Chen, C.-Y., et al., The tholeiite to alkalic basalt transition at Haleakala Volcano, Maui, Hawaii, Contrib. Mineral. Petrol. 106, 183-200, 1991.

Clague, D. A., Dalrymple, G. B., The Hawaiian Emperor Volcanic Chain, USGS Prof. Paper 1350, 5-54, 1987.

Eiler, J.M., Farley, K.A., Valley, J.W., Hofmann, A.W. and Stolper, E.M., Oxygen isotope constraints on the sources of Hawaiian volcanism, Earth Planet. Sci. Lett., 144, 453-468, 1996a.

Eiler, J. M., Valley, J. W. and Stolper, E. M., Oxygen isotope ratios in olivine from the Hawaii Scientific Drilling Project, J. Geophys. Res., 101, 11,807-11,814, 1996b.

Frey, F. A., Garcia, M. O. and Roden, M. F., Geochemical characteristics of Koolau Volcano: Implications of intershield geochemical differences among Hawaiian volcanoes, Geochim. Cosmochim. Acta, 58, 1441-1462, 1994.

Frey, F. A. and Rhodes, J. M., Intershield geochemical differences among Hawaiian volcanoes: implications for source compositions, melting process and magma ascent paths, Phil. Trans. R. Soc. Lond. A, 342, 121-136, 1993.

Garcia, M. O., Foss, D.J.P., West, H.B. and Mahoney, J.J., Geochemical and isotopic evolution of Loihi Volcano, Hawaii, Jour. Petrol., 36, 1647-1674, 1995.

Garcia, M., Muenow, D., Aggrey, K. and O’Neil, J., Major element, volatile and stable isotope geochemistry of Hawaiian submarine tholeiitic glasses. J. Geophys. Res., 94, 10,525-10,538, 1989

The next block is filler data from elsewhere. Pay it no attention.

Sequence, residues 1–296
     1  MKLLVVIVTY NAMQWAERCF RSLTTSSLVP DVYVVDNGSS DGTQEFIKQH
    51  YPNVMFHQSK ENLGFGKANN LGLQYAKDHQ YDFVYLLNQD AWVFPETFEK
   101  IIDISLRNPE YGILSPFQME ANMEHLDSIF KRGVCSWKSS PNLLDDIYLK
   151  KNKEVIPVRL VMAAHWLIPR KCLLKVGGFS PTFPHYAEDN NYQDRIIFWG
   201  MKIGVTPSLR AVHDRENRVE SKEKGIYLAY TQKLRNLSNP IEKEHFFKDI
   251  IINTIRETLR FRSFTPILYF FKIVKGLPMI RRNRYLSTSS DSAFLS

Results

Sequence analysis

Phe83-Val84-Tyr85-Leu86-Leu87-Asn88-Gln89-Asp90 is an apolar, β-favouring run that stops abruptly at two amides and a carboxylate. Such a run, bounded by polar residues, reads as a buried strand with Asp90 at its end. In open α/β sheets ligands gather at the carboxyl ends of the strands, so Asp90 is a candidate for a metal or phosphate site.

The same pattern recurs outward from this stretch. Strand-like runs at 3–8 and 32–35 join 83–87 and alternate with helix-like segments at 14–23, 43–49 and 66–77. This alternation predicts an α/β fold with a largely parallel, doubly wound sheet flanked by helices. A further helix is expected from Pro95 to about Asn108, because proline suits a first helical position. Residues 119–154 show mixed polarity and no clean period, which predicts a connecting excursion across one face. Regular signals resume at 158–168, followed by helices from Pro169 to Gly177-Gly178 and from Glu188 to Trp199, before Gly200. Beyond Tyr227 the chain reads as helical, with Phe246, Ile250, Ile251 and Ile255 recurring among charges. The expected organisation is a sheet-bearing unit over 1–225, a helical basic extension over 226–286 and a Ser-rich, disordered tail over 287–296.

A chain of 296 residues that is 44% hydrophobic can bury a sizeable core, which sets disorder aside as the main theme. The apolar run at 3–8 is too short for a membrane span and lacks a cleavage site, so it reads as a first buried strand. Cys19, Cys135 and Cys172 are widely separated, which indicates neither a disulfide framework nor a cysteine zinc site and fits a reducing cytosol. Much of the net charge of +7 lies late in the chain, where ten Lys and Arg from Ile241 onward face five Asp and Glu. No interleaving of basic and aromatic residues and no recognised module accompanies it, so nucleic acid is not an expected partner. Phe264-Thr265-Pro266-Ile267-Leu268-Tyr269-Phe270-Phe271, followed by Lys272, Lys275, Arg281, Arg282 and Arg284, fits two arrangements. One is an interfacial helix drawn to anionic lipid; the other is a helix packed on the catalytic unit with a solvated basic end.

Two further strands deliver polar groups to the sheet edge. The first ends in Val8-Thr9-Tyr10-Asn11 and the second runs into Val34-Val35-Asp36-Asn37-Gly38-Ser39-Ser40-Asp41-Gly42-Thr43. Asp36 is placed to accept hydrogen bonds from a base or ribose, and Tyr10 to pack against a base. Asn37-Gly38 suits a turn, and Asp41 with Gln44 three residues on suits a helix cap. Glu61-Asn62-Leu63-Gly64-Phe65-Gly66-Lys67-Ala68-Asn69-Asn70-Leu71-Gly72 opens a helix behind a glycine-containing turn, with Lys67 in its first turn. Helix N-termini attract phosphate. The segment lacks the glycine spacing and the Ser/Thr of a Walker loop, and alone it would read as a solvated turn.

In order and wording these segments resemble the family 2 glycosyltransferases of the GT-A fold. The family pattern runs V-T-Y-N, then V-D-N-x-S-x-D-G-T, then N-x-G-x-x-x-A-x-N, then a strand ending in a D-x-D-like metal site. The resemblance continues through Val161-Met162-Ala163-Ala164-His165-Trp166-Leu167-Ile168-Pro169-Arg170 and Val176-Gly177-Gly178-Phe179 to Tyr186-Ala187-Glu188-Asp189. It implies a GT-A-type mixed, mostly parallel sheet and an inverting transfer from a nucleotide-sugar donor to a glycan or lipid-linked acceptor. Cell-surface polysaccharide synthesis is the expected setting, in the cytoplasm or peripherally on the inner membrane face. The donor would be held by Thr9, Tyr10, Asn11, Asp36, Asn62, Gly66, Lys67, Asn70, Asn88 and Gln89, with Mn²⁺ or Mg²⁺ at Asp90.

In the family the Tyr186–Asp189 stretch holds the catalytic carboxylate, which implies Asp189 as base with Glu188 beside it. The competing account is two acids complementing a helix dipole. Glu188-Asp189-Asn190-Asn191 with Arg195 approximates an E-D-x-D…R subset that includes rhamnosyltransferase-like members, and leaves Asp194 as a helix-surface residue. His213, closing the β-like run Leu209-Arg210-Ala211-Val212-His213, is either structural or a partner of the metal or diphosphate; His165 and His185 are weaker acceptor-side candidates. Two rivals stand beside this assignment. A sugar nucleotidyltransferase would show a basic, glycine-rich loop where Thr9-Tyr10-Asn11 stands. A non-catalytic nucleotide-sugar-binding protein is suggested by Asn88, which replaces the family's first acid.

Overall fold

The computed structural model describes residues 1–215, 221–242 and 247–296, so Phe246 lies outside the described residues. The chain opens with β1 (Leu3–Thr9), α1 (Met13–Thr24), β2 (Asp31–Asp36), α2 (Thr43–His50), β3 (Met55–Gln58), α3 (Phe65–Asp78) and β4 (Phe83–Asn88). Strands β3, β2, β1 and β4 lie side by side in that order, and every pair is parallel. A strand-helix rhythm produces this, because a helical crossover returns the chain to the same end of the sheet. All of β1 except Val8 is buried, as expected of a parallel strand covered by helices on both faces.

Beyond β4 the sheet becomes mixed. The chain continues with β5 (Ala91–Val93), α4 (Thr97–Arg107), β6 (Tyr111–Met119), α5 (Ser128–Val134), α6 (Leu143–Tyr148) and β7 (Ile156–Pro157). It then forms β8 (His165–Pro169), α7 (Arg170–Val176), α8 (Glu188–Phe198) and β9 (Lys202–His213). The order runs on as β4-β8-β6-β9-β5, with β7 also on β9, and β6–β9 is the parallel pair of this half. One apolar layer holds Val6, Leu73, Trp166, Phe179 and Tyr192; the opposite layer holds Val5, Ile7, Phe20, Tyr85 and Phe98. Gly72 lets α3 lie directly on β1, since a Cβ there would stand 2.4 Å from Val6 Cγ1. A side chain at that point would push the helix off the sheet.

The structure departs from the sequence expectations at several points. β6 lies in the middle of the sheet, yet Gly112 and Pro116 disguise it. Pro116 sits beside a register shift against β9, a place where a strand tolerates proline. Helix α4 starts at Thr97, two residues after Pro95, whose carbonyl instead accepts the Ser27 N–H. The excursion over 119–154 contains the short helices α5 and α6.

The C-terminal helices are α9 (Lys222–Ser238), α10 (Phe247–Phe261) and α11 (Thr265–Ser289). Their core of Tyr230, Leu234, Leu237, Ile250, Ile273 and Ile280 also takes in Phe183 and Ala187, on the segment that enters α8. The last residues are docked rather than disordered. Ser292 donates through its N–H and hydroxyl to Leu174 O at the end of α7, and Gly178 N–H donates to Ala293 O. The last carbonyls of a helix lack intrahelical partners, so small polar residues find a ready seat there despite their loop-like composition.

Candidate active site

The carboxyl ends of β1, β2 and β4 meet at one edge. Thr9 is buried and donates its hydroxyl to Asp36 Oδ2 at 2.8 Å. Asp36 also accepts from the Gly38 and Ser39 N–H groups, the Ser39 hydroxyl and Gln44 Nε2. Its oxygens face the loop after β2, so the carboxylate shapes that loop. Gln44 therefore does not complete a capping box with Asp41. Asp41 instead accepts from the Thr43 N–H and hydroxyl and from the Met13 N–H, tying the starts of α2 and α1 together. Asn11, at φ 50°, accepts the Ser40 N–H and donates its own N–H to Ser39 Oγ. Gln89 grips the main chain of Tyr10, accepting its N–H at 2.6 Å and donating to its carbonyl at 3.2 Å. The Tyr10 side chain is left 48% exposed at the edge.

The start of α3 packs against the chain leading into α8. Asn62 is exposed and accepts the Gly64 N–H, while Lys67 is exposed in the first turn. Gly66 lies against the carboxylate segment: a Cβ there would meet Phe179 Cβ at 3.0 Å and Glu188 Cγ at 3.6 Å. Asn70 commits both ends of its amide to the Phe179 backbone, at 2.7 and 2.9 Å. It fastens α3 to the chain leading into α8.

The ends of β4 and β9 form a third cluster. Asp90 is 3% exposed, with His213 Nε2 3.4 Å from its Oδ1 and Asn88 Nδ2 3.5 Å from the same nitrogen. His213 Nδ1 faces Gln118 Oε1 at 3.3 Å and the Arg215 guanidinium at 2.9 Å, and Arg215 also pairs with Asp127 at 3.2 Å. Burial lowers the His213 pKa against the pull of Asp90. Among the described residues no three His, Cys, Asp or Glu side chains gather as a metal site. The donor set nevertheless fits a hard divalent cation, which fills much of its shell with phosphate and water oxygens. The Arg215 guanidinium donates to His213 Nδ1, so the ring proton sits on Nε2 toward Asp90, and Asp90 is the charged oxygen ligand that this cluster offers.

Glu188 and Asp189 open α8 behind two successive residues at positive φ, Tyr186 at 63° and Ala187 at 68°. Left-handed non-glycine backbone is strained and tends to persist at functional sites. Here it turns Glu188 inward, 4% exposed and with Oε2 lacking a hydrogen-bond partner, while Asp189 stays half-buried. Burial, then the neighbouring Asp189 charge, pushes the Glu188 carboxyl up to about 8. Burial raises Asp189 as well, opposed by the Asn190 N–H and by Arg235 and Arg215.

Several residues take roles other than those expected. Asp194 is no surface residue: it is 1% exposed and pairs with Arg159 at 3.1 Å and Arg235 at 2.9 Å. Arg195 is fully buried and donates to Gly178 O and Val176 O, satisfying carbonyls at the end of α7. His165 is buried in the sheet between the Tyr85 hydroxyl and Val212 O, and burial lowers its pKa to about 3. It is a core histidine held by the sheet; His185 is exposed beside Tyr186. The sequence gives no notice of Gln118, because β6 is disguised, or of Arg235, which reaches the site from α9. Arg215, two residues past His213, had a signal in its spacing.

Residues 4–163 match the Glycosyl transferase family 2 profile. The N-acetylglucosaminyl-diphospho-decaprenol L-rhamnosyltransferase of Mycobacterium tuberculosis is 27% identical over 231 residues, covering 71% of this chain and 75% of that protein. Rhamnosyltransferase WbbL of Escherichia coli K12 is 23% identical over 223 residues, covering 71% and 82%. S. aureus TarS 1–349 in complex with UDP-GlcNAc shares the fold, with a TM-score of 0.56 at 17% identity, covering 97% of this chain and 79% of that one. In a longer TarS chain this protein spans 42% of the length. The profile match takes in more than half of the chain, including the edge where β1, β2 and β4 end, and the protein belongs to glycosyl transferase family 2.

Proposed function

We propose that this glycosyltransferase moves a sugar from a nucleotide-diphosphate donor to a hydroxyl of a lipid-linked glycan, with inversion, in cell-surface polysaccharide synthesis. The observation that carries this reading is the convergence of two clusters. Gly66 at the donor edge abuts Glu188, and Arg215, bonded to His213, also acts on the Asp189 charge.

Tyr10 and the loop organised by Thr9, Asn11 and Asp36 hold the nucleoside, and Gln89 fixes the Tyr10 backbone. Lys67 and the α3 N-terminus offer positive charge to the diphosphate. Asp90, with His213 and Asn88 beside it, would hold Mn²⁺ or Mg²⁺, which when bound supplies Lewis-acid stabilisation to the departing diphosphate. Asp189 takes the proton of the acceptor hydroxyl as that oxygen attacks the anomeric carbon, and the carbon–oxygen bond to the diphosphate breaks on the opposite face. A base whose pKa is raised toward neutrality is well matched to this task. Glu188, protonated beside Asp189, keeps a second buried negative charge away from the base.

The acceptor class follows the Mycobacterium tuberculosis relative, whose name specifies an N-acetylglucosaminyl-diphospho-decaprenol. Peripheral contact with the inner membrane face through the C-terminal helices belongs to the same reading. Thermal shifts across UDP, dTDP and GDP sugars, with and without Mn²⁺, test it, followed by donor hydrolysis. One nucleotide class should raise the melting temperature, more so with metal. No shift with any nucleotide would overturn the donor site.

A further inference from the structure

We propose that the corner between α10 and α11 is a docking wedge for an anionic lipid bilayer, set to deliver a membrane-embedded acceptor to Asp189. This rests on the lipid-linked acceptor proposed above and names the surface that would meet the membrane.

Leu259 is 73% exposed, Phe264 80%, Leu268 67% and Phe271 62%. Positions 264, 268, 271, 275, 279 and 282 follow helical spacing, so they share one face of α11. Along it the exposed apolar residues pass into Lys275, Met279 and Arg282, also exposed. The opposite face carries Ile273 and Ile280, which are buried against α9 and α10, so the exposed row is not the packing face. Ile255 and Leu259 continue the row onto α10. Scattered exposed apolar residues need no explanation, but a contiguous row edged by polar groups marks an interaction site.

Garcia, M., Rubin, K.H., Norman, M.D., Rhodes, J.M., Graham, D.W., Muenow, D.,

Spencer, K., Petrology and geochronology of basalt breccia from the 1996 earthquake swarm of Loihi Seamount, Hawaii: Magmatic history of its 1996 eruption. Bull. Volcanol. 59, 577-592, 1998

Hauri, E. H., Major-element variablity in the Hawaiian mantle plume. Nature 382, 415-419, 1996.

Hauri, E. H., Lassiter, J. C. and DePaolo, D. J., Osmium isotope systematics of drilled lavas from Mauna Loa, Hawaii, J. Geophys. Res., 101, 11,793-11,806, 1996.

Jackson, M. C., Frey, F.A., Garcia, M.O. and Wilmoth, R.A., Geology and petrology of basaltic lavas and dikes of the Koolau Volcano in the Trans-Koolau exploratory tunnels, Bull. Volcan., 60, 381-401, 1999.

Kyser, T. K. O=Neil, J.R., and Carmichael I. S. E., Genetic relations among basic lavas and ultramafic nodules: Evidence from oxygen isotope compositions: Contrib. Mineral. Petrol., v. 81, p. 88-102, 1982.

Lassiter, J. C., DePaolo, D. J. and Tatsumoto, M., Isotopic evolution of Mauna Kea volcano: Results from the initial phase of the Hawaiian Scientific Drilling Project, J. Geophys. Res., 101, 11,769-11,780, 1996.

Koolau Volcano Drilling2

Figure 3 – DOSECC’s CS1500 drilling rig at the Koolau drillsite.

 

 

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Hawaii Volcano Observatory

Hawaii Volcano1 scientific drilling core drilling services core drilling companies

A Geochemical Investigation of the Role of Recycled Oceanic Crust in Hawaiian Magmatism

Amy M. Gaffney Lawrence Livermore National Laboratory